How to Prepare for the PMP Exam? (And Survive)

Recently I have been receiving many messages on either LinkedIn or other social media outlet asking me how did I study for the exam so I could score above target in all of the exam domains on first trial? Some even surprisingly asked me “What is your secret?”!

To be honest I’ve no secret as I myself did not expect to do so well on the exam, let alone passing it! After all technically speaking, thanks to PMI exam policies, I’ve never gone through this experience before regardless of how many exam simulations I’ve done before going for the actual exam.

Unlike any other certificate I had obtained, I’ve never had such tremendous feedback like what I had experienced when I shared my PMP exam results. As it appears, many are interested in the PMP certificate and wish to know my experience with its exam. So I thought it would be much more beneficial and efficient if I just share my humble answer here for all to read.

I will not be listing which courses to attend, or books to read or exam simulations to do, as a simple google query would list a plethora of much better results than I could ever write down here.

After getting my eligibility code from the PMI, I booked the exam by beginning of January giving myself approximately two months, or less, to prepare for the exam. Given my normal workload and the tight deadline I got myself into, it was next to impossible to simply memorize the 47 processes and their ITTOs, so rest assured, this exam is not about memorization!

PMI have been true to their word, the questions on the exam were mostly situational and not too much memorization were actually needed. I was simply answering the questions following basic logic.

During the PMP application you will be asked to showcase your project management experience, which would be truly needed to pass the exam. As without it you will really have some hard time understanding the concepts detailed in the PMBOK, one of the driest textbooks I had ever read, it was as amusing as reading the dictionary. And even if somehow you managed to memorize the book page by page, letter by letter and cover to cover. Still it’s not going to help you as many of questions does not have answers in the PMBOK.

The PMBOK itself states it clearly in its very beginning, that every project have a unique life-cycle and it’s not necessary to use all of the 47 processes in the 10 knowledge areas and they are to be used “when appropriate”, not to mention there are many ways to manage a project depending on the organization and management style. This phrase alone gives a huge window for different interpretations of how to properly manage a project!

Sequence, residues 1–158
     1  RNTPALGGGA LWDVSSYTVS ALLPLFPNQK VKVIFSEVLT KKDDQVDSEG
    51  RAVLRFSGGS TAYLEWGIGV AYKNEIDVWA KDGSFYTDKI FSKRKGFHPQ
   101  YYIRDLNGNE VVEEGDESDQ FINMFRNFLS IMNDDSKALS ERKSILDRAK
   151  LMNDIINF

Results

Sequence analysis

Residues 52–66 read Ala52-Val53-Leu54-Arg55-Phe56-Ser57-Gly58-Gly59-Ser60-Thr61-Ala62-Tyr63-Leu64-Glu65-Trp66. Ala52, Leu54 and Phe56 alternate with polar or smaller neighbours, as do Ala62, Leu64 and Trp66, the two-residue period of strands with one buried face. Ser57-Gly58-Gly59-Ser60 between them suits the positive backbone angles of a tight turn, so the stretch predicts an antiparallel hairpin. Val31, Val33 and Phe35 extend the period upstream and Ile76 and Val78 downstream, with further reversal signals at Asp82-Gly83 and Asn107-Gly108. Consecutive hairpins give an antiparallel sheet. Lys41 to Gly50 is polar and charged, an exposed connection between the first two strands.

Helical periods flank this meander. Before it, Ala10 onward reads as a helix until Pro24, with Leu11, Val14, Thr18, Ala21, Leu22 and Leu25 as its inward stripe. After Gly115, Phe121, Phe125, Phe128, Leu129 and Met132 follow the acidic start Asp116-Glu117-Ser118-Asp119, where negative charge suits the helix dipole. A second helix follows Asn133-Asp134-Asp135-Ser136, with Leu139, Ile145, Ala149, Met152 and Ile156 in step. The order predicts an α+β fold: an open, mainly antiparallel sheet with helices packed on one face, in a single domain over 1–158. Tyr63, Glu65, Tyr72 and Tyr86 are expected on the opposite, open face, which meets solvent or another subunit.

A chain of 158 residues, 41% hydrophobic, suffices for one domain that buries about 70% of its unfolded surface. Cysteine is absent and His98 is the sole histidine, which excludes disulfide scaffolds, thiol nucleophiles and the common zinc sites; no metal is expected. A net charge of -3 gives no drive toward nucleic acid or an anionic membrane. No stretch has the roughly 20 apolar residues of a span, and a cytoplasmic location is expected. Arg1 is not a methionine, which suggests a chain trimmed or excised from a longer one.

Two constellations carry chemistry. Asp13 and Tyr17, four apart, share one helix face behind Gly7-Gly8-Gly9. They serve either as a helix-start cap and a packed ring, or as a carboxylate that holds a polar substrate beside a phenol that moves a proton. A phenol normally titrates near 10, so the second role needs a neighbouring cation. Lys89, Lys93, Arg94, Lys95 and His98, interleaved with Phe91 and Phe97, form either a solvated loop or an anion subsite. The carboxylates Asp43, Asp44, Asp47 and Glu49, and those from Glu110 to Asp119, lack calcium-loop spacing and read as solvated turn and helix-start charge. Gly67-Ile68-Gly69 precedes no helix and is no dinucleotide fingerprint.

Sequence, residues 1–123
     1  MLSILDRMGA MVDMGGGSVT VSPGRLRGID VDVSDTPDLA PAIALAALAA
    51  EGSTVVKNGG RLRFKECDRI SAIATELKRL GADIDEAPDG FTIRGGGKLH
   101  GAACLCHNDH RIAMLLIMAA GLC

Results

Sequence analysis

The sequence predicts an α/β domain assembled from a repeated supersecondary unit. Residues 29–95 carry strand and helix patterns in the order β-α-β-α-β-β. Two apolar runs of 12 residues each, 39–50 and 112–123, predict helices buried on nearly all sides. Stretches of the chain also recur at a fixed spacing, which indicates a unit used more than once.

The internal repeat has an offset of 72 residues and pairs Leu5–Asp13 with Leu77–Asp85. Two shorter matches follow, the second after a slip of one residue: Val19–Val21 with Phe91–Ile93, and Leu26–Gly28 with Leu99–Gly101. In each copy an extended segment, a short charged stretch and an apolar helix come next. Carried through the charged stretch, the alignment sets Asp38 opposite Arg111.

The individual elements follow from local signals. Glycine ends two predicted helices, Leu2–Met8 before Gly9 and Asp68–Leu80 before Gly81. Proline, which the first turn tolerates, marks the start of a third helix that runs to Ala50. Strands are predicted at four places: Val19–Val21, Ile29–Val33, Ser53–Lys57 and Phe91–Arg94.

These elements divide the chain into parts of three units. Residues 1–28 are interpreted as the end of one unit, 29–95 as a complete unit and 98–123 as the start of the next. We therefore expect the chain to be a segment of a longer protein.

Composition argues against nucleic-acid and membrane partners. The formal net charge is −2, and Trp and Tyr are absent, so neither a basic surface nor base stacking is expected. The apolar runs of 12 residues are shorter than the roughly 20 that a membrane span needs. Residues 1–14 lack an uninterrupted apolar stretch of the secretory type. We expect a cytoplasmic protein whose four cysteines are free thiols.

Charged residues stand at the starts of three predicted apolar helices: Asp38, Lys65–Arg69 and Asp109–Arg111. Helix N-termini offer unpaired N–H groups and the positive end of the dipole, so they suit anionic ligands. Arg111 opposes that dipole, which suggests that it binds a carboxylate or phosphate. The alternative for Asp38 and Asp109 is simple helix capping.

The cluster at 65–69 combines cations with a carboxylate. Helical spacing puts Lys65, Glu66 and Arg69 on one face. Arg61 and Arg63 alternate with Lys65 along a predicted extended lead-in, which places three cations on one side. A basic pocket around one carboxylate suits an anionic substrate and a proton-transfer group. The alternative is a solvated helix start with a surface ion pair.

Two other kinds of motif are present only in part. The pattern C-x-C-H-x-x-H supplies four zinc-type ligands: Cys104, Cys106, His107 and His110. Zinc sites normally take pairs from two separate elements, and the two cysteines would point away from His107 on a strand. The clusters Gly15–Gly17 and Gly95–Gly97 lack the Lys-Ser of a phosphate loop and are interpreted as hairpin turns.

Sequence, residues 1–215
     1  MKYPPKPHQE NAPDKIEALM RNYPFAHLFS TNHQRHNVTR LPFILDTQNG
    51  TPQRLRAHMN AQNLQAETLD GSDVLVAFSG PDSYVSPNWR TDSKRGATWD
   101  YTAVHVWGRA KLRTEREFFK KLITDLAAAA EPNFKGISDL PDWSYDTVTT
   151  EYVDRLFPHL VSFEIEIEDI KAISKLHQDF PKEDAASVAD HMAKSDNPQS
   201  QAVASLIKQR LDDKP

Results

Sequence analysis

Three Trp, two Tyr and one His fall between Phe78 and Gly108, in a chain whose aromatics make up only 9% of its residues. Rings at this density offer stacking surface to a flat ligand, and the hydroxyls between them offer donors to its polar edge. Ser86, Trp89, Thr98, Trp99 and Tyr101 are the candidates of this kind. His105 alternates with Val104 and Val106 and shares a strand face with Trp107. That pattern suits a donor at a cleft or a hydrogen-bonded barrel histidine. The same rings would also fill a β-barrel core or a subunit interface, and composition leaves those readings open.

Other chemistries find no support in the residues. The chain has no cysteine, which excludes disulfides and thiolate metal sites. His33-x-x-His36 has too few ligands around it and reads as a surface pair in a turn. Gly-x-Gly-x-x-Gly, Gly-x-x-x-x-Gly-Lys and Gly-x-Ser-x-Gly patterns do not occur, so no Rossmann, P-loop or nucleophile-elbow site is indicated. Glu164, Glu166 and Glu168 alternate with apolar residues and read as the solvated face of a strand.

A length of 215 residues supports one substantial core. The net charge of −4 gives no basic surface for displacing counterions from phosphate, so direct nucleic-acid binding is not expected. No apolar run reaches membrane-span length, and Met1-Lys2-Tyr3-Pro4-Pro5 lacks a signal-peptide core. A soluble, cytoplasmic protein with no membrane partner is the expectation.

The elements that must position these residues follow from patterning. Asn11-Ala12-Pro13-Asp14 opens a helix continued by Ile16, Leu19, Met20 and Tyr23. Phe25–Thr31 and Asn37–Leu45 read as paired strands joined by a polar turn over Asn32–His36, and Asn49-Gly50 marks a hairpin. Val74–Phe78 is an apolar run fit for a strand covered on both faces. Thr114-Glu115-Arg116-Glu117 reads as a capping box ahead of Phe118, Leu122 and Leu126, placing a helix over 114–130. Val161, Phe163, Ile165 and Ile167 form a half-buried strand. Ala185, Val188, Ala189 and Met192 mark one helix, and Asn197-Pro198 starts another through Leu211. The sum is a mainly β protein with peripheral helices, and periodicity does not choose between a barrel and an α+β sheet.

So if you scrolled through my article looking for the “trick”, then here you go. The trick is to think of your bleakest and saddest moments while managing one of those non ending projects then think, how could any of the PMBOK 47 processes had helped you? Scope validation, maybe? or maybe, how to properly do a quality control? Or how should you had identified and engaged your stakeholders in the very beginning of the project. Or that time when you didn’t imagine a certain assumption to turn into a monstrous pure risk eating all of your project resources. And my favorite of all, to make sure that your project sponsor actually have the adequate authority to mobilize the much needed resources during project execution.

By doing so, you will be linking the PMBOK concepts to your actual life and work experiences. It’s a neural trick I like to use when learning something new, I tend to like laying new layers of information atop of a solid foundation of previous good old proven knowledge. This way the new information will assimilate with your previous experiences forming a cohesive and structural knowledge base in your brain, giving you dejavus during the exam where the valid answers will jump at you so you can mark them while you snicker at how silly are the rest of the options as you burn through the exam.

This trick is actually based on my understanding of how the human brain functions, one of my very biggest fascinations. As it seems, the brain neural networks form memories by manipulating the tendency of certain neurons to fire when other surrounded neurons are excited. The more a neural connection is fired the stronger it becomes and hence the stronger the associated memory. Thus if you link new learnt information with strong old memories, then keep revisiting them as you study for the exam, doing so would increase your chances of not losing these memories and to better comprehend the new acquired information within a bigger picture of your past experiences.

I hope this technique of learning help you to better prepare for the PMP exam or any other endeavor you wish to seek. Feel free to share if you find this article helpful. Also don’t hesitate to drop me a line if you have any sort of feedback.





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